Taking Animals Seriously

Sunday, August 7th, 2005

I’ve read a few reviews of autistic-author Temple Grandin’s Animals in Translation, but Orson Scott Card’s, Taking Animals Seriously, included some fascinating tidbits:

One might wonder how Grandin can feel such empathy for animals, and yet devote so much of her life to creating more efficient and ‘humane’ systems for slaughtering them.

First, she recognizes that humans are not going to give up meat. In fact, many autistic people are meat-dependent. For whatever reason, if they try to live on a vegetarian diet they get weak and sick. It would be surprising if there weren’t some people who need meat more than others.

More to the point, Grandin realized that if it weren’t for the fact that we eat meat, then the millions of meat animals in the world would not exist at all. It is only because we sustain their lives that these species exist in such numbers; if we stopped eating them, and therefore feeding and nurturing them, their numbers would drop catastrophically.

Therefore her work is to try to make their lives content and their deaths calm.

And to this end, she makes sure that their lives are free of fear. Because to most animals, fear causes more suffering than pain.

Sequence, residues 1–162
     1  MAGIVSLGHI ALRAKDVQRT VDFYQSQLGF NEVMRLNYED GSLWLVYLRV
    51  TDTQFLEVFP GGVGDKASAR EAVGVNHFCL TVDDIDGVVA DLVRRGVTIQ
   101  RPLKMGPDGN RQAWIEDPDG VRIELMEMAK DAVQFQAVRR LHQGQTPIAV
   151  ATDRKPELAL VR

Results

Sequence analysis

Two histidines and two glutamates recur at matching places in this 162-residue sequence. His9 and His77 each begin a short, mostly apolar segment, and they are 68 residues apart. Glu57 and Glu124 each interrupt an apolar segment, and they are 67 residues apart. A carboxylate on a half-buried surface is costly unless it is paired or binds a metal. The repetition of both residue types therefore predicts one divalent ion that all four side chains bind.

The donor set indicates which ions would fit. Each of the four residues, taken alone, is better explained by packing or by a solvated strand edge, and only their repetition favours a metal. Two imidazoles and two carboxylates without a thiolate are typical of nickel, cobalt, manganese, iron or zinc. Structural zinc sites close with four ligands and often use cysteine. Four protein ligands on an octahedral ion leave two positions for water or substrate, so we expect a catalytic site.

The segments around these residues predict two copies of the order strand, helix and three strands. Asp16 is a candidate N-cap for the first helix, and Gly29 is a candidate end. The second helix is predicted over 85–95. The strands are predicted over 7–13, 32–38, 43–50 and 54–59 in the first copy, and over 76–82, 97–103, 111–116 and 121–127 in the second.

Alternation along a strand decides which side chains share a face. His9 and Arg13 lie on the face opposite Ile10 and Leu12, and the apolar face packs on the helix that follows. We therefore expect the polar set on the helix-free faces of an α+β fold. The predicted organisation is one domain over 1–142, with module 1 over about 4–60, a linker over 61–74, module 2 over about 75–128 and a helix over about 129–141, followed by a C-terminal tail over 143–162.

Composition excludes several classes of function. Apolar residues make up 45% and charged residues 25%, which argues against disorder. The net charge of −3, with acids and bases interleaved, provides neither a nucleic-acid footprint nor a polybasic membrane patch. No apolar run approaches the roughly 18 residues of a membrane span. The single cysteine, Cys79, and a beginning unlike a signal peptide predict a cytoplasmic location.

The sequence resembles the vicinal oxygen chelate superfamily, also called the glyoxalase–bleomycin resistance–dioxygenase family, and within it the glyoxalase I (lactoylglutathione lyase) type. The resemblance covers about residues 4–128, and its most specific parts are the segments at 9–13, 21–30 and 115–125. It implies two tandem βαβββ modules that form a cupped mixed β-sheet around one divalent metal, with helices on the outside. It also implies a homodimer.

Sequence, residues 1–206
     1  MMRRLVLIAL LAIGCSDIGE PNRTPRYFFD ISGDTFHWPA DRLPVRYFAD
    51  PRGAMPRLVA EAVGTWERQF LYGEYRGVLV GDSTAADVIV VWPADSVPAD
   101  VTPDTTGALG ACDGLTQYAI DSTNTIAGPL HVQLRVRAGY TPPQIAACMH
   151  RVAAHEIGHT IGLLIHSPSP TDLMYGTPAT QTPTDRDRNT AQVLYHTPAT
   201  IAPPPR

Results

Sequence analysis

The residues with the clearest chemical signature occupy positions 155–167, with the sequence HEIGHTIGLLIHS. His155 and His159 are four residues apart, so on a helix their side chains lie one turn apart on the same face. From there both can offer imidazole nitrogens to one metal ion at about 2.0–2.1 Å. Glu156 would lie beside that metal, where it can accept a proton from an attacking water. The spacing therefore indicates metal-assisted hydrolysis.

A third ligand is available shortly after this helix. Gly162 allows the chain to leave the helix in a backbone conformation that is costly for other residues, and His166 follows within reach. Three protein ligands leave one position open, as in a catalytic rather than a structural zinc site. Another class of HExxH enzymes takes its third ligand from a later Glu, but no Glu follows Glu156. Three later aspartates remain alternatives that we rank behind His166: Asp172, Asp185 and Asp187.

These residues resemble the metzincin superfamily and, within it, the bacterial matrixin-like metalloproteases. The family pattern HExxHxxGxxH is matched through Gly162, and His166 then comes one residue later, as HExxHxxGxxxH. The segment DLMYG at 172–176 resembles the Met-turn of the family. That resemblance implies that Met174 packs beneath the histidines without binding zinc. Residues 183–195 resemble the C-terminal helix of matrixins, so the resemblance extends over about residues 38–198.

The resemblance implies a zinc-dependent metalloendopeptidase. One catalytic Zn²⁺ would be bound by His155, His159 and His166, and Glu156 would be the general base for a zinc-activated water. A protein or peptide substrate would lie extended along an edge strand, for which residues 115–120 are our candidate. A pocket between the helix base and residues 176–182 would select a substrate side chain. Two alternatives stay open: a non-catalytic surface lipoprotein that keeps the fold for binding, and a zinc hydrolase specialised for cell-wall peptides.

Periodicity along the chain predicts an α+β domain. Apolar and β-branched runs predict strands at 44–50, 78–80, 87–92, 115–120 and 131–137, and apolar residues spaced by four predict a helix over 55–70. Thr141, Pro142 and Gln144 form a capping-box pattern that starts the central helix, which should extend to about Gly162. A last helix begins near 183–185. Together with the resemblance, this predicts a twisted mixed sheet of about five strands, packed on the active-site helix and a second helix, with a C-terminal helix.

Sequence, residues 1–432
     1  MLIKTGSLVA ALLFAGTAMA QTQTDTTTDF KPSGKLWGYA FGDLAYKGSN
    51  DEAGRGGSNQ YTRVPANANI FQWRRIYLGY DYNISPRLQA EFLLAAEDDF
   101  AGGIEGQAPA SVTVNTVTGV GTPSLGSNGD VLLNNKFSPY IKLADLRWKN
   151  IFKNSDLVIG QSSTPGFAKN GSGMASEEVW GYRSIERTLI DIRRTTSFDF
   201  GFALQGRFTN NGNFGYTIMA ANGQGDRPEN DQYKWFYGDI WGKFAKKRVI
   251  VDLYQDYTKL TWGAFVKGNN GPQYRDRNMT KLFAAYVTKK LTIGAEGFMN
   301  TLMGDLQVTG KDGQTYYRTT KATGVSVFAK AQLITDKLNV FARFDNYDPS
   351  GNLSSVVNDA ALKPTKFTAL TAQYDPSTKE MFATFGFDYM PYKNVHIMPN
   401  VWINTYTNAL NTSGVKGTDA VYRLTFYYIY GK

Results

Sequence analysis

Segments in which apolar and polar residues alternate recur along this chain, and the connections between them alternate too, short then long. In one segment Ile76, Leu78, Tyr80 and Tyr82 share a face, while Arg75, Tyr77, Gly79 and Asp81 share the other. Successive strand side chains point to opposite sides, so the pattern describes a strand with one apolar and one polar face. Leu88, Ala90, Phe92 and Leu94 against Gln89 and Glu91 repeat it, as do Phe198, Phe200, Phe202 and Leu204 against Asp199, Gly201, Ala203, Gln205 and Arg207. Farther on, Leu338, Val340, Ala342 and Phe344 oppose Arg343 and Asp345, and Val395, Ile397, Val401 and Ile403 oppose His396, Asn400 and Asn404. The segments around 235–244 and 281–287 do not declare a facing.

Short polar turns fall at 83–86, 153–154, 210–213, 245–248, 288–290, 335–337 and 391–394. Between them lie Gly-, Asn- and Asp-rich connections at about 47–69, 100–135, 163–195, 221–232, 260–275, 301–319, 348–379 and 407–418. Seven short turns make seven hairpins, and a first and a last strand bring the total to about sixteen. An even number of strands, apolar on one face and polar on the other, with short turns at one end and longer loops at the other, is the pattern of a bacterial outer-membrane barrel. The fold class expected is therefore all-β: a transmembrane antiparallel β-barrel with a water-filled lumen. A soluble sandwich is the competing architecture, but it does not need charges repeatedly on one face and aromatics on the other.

This makes sense. Animals in the wild who became severely distressed by pain, limping or staggering or holding still and weeping because of it, would be marking themselves to any predator as the easiest victim. So while they feel pain and wish to be rid of it, they do not suffer from the pain as much as humans would. (There is sound research supporting this.)

However, when it comes to fear, the opposite is true. Most humans are able to suppress fear and act in spite of it. While anxiety may keep us up at night, we are also able to feel strong fear signals from our brains and yet decide to ignore them.

Animals can’t do this — especially not prey animals. Fear forces them either to freeze or flee. And when they are afraid and can’t do anything about it, it’s a paralyzing agony to them.

So Grandin works to make sure animals’ lives and deaths are as free of pain and fear as possible.

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